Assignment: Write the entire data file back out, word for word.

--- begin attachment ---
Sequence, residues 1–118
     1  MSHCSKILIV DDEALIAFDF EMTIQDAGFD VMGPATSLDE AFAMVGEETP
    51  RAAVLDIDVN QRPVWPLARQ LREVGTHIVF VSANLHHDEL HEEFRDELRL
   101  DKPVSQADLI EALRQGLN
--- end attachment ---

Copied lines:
Sequence, residues 1–118
     1  MSHCSKILIV DDEALIAFDF EMTIQDAGFD VMGPATSLDE AFAMVGEETP
    51  RAAVLDIDVN QRPVWPLARQ LREVGTHIVF VSANLHHDEL HEEFRDELRL
   101  DKPVSQADLI EALRQGLN